Medline ® Abstract for Reference 154
of 'Cellular and molecular biology of chronic myeloid leukemia'
Increased tyrosine phosphorylation of focal adhesion proteins in myeloid cell lines expressing p210BCR/ABL.
Salgia R, Brunkhorst B, Pisick E, Li JL, Lo SH, Chen LB, Griffin JD
The BCR/ABL oncogene causes chronic myelogenous leukemia (CML) in humans and induces growth factor independence of hematopoietic cell lines in tissue culture. p210BCR/ABL is localized at least in part to the cytoskeleton, and has been shown to interact directly with actin filaments through an actin binding domain located in the C-terminus of ABL. CML cells have reduced adhesion to some extracellular matrix components but the mechanism of this phenomenon is unknown. In this study we examined tyrosine phosphorylation of focal adhesion proteins in cells expressing p210BCR/ABL. An interleukin-3 (IL-3)-dependent cell line, 32Dc13, was transformed with a BCR/ABL cDNA, and the patterns of localization, expression, and tyrosine phosphorylation of focal adhesion proteins were compared among untransformed 32Dc13 cells with and without IL-3 stimulation and BCR/ABL-transformed 32Dc13 cells. Of the focal adhesion proteins examined, only paxillin exhibited tyrosine phosphorylation in response to IL-3; while in cells transformed by p210BCR/ABL, paxillin, vinculin, p125FAK, talin and tensin were constitutively tyrosine phosphorylated. IL-3 induced a transient association between paxillin and vinculin, while in BCR/ABL-transformed cells, several proteins coimmunoprecipitated with paxillin, including vinculin, p125FAK, talin and tensin. Pseudopodia enriched in focal adhesion proteins were transiently detected in 32Dc13 cells in response to IL-3, but constitutively detected in cells expressing p210BCR/ABL. p210BCR/ABL protein was also found concentrated in punctate structures adjacent to the cell membrane in myeloid cell lines, which often contained vinculin and paxillin.(ABSTRACT TRUNCATED AT 250 WORDS)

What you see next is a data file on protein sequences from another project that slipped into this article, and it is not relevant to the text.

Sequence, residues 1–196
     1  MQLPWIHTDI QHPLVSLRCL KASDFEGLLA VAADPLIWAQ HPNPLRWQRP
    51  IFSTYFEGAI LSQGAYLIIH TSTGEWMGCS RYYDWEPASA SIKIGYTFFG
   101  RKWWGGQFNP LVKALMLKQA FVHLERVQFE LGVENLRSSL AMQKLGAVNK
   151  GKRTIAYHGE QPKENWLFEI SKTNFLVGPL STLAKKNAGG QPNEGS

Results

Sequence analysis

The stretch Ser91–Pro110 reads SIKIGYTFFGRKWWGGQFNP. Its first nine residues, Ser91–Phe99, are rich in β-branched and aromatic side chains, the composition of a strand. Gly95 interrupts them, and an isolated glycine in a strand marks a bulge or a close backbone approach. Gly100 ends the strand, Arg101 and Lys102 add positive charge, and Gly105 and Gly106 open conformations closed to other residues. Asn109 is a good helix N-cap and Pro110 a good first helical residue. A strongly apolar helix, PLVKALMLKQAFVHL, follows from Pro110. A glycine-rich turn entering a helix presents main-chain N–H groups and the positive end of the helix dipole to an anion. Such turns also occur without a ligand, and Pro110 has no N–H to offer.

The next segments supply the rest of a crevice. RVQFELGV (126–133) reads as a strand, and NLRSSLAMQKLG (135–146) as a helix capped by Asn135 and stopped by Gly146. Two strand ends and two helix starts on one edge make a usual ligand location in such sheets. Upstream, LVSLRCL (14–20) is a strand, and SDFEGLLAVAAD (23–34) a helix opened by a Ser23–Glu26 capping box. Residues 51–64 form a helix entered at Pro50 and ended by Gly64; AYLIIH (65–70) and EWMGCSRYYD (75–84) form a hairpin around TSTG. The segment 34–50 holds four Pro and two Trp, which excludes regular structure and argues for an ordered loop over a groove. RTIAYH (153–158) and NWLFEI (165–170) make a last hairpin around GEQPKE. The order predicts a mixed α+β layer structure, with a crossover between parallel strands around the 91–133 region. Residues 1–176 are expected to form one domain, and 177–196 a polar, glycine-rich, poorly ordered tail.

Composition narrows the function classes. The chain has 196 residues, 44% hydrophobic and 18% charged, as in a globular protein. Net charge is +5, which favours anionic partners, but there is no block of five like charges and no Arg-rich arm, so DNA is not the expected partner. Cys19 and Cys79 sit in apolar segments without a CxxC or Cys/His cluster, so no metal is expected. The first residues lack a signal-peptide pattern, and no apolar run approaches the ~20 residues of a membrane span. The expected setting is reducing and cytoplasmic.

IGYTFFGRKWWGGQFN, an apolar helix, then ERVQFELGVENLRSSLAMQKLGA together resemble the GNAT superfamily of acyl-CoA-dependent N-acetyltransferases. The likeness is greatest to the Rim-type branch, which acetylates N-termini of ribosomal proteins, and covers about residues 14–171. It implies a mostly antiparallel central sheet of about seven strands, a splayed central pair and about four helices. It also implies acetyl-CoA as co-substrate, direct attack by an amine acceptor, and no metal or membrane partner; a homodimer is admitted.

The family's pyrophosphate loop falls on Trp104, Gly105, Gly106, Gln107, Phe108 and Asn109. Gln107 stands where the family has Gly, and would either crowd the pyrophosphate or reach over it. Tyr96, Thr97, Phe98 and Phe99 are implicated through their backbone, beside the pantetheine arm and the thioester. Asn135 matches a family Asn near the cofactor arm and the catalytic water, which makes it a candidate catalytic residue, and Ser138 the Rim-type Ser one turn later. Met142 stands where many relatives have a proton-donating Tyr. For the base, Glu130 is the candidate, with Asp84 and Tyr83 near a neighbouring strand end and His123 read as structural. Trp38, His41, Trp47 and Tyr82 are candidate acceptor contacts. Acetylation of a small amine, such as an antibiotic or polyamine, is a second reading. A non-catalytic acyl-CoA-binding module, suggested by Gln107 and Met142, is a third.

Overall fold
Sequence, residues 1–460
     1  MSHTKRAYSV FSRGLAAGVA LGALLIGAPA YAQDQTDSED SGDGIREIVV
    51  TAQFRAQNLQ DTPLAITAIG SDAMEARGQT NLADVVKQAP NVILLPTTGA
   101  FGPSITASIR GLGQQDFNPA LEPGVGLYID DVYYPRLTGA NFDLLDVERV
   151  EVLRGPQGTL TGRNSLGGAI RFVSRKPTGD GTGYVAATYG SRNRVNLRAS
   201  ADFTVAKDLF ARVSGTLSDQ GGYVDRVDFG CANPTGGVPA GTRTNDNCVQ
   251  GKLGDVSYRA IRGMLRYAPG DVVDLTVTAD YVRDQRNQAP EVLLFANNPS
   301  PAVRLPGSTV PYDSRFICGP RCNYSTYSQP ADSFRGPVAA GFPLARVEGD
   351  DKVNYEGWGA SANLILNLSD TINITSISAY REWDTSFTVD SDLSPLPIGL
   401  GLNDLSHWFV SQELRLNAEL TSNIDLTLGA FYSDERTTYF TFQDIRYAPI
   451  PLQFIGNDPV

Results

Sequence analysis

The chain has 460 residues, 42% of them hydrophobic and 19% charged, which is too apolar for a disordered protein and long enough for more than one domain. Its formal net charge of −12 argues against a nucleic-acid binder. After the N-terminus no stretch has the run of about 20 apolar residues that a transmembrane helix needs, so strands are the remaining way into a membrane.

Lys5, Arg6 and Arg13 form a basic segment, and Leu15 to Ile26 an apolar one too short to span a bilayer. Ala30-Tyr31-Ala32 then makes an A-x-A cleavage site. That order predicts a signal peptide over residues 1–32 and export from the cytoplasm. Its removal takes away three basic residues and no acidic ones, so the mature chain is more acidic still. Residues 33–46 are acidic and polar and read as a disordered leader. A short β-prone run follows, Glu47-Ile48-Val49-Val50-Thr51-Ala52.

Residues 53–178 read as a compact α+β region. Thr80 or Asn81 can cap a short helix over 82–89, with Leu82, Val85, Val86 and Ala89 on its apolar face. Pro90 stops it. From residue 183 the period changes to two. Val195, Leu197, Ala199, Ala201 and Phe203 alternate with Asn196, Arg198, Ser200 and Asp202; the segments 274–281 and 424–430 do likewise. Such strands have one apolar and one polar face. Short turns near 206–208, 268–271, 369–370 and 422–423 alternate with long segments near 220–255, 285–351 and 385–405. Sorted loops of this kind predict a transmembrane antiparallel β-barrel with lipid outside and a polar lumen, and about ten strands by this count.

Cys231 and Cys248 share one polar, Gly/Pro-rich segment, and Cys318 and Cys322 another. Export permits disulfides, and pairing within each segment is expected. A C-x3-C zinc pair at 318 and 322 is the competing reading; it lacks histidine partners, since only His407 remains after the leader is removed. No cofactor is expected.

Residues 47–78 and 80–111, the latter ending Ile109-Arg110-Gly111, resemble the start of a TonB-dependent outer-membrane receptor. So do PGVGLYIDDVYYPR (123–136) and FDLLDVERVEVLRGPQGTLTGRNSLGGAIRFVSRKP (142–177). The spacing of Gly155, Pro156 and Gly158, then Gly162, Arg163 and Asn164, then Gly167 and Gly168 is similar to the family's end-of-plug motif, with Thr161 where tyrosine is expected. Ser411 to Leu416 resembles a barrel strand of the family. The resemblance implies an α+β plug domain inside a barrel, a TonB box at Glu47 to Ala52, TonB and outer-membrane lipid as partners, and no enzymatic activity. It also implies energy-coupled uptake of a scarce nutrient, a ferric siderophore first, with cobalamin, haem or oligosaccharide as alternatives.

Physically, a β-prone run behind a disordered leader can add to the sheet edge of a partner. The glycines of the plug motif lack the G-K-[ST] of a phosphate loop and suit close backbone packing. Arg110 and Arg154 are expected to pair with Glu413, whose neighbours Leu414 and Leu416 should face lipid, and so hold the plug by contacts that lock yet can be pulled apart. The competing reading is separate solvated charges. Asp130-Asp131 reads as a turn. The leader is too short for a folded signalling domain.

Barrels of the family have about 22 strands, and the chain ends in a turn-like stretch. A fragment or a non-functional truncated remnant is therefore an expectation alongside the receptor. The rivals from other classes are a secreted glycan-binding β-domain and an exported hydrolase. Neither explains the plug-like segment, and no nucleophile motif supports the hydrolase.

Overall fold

Division of Hematologic Malignancies, Dana-Farber Cancer Institute, Boston, Massachusetts, USA.